I wanted us to be 100% focused on being a DMP. So we rebuilt the company as a SaaS-oriented company focused on business solutions for our clients. We’re all about integration and white-glove service. Every company we work with has its own goals, systems and processes. We need to fit their businesses, rather than expect them to fit ours. We hired integration experts and a crack service team that customizes Crowd Control to fit neatly into our clients business.
The Makegood: How will the online advertising ecosystem change because of DMPs? What do tools like yours mean for the rest of the landscape?
DMPs level the playing field for parts of the ecosystem that had by and large been passive participants until now. Sophisticated ad networks have been leveraging much of the DMP toolset for years, but publishers and brand marketers have been unable to benefit directly from this intelligence and power. DMPs like ours bring that power back to marketers and publishers by making big data problems easily accessible.
Our DMP also allows companies with data to sell it directly into the market, easily. The market for data will disaggregate in the coming years, as publishers become data providers and data exchanges. The big change is that audiences and data are already in the conversation. The next big step is platform integrations, the sharing of proprietary data between publishers, and making audiences sold truly targeted across ALL forms of media in real time.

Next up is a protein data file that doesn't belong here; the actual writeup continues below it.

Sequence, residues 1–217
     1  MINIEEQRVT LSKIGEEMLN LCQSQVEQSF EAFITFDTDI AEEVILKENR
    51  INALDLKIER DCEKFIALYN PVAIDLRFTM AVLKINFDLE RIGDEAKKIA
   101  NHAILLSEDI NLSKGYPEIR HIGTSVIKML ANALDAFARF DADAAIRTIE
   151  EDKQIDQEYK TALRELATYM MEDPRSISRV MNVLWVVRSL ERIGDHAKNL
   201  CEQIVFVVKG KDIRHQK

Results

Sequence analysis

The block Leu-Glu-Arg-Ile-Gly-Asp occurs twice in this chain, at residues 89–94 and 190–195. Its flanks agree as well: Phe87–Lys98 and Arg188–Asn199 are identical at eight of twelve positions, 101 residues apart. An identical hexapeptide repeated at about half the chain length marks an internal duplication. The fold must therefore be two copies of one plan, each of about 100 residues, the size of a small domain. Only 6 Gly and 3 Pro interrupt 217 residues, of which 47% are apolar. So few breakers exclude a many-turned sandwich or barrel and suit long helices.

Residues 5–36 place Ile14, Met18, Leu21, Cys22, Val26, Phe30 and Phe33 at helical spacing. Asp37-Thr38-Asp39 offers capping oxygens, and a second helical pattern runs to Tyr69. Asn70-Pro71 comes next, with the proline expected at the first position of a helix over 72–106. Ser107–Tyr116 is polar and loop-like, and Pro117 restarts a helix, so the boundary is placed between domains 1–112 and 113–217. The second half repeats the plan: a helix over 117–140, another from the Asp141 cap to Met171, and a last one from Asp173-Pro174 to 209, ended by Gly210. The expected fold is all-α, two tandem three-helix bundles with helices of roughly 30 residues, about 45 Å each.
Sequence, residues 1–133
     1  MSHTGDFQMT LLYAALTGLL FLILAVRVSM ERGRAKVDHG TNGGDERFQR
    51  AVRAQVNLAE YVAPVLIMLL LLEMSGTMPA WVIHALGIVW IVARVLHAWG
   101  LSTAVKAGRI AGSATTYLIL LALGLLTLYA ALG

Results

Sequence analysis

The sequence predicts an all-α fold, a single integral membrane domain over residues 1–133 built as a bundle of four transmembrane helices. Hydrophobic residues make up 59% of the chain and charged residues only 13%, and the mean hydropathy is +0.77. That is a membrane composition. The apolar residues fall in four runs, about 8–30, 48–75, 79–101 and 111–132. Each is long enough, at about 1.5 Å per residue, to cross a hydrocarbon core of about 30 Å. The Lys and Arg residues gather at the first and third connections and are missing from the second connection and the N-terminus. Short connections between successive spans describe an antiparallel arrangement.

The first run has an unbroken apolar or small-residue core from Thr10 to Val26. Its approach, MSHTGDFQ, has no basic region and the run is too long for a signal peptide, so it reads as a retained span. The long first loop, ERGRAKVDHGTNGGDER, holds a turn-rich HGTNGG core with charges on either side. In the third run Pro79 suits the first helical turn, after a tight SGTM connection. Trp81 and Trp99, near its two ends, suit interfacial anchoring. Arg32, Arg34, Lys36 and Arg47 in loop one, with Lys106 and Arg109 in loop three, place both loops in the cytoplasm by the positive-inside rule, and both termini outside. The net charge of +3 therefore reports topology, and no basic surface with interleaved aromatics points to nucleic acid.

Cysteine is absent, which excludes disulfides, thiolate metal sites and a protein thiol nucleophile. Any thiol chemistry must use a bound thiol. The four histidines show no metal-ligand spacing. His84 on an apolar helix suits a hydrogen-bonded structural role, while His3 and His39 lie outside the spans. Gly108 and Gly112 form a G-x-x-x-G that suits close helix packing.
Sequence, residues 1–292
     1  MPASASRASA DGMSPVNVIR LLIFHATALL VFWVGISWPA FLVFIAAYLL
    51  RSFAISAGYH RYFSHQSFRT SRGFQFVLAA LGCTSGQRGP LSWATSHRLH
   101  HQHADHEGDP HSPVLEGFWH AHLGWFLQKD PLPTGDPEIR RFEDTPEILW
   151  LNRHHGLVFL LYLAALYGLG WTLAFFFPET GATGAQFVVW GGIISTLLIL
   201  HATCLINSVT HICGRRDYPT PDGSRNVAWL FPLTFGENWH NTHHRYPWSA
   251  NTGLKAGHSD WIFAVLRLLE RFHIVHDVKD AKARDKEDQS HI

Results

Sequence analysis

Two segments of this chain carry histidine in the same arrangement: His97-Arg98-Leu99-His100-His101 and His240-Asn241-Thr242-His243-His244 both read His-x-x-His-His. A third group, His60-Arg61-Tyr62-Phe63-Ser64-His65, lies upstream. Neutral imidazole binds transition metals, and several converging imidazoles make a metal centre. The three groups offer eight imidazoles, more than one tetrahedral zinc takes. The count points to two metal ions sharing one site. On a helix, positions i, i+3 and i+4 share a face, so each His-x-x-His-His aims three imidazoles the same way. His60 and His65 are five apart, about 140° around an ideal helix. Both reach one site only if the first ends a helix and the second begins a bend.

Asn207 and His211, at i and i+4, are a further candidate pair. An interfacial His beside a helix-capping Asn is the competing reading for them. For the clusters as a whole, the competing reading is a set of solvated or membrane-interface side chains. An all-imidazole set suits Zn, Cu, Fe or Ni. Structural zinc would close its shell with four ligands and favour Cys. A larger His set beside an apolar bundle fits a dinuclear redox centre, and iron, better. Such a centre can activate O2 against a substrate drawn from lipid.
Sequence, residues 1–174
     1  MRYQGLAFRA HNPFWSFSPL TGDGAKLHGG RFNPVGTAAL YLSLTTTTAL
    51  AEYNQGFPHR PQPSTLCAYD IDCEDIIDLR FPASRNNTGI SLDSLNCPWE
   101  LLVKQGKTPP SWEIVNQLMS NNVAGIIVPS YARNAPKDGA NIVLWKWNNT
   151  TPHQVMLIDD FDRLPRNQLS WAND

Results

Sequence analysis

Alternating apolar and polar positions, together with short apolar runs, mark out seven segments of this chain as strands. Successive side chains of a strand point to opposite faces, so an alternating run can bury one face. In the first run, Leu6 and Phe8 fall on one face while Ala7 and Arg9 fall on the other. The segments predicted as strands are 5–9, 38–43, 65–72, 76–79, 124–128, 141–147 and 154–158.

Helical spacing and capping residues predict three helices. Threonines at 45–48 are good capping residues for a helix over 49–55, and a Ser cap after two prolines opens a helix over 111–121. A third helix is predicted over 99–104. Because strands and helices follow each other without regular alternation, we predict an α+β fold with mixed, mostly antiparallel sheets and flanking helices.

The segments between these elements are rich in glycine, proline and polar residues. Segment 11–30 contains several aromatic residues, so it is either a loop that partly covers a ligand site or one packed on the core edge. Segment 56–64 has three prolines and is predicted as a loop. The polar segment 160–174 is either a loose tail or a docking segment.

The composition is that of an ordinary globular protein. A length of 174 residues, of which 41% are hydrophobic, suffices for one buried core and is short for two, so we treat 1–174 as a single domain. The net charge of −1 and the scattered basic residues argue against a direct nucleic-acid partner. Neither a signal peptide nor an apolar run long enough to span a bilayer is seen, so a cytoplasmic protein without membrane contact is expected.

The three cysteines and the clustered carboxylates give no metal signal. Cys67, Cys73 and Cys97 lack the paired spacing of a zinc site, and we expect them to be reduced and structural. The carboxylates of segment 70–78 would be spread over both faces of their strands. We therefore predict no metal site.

And there’s more to come, because a good DMP is at its core a unifying platform. A true Unifying Data Platform brings in data from six or seven sources simultaneously, and makes that data actionable beyond simple web retargeting. We’re growing rapidly across Europe and Asia, and have made significant investments in infrastructure. Growth has been exponential. Some of our biggest clients are overseas. We didn’t expect that, but it’s what we’re seeing. These clients will set the market in their locations for third-party data sales, as the concept of “data separate from media” moves east.
The Makegood: Can you talk about some of your new & transitioning clients?
We’re collecting, segmenting, making use of managing and monetizing data for a number of big companies, giving them effective, revenue-boosting audience insights at scale. We can name some of those companies: Break Media, BlogHer, Photobucket, leading political consultancy Targeted Victory, and InvestingChannel. Some we can’t yet name, including a massive U.S.-based entertainment company, a very large U.S.-based publisher, one of the largest ad networks in Asia, a large health-information company, and a massive media company in Europe.
The Makegood: What’s ahead in 2012?
In the very near future, we’ll see DMPs going far beyond simple display-ad targeting and Direct Response optimization. A true DMP is larger and more powerful than that. As MediaPost’s Laurie Sullivan was first to report, the G.O.A.L. feature we just released melds brand lift with optimization. Later this year, we’ll launch cross-platform data-management capabilities that will greatly extend Crowd Control’s reach — and therefore its strength. We’re looking forward to unifying all kinds of data — offline, online, CRM, CMS, and so on — under one powerful umbrella. That’s what we see for the DMP.
The Makegood: Thanks, Andy.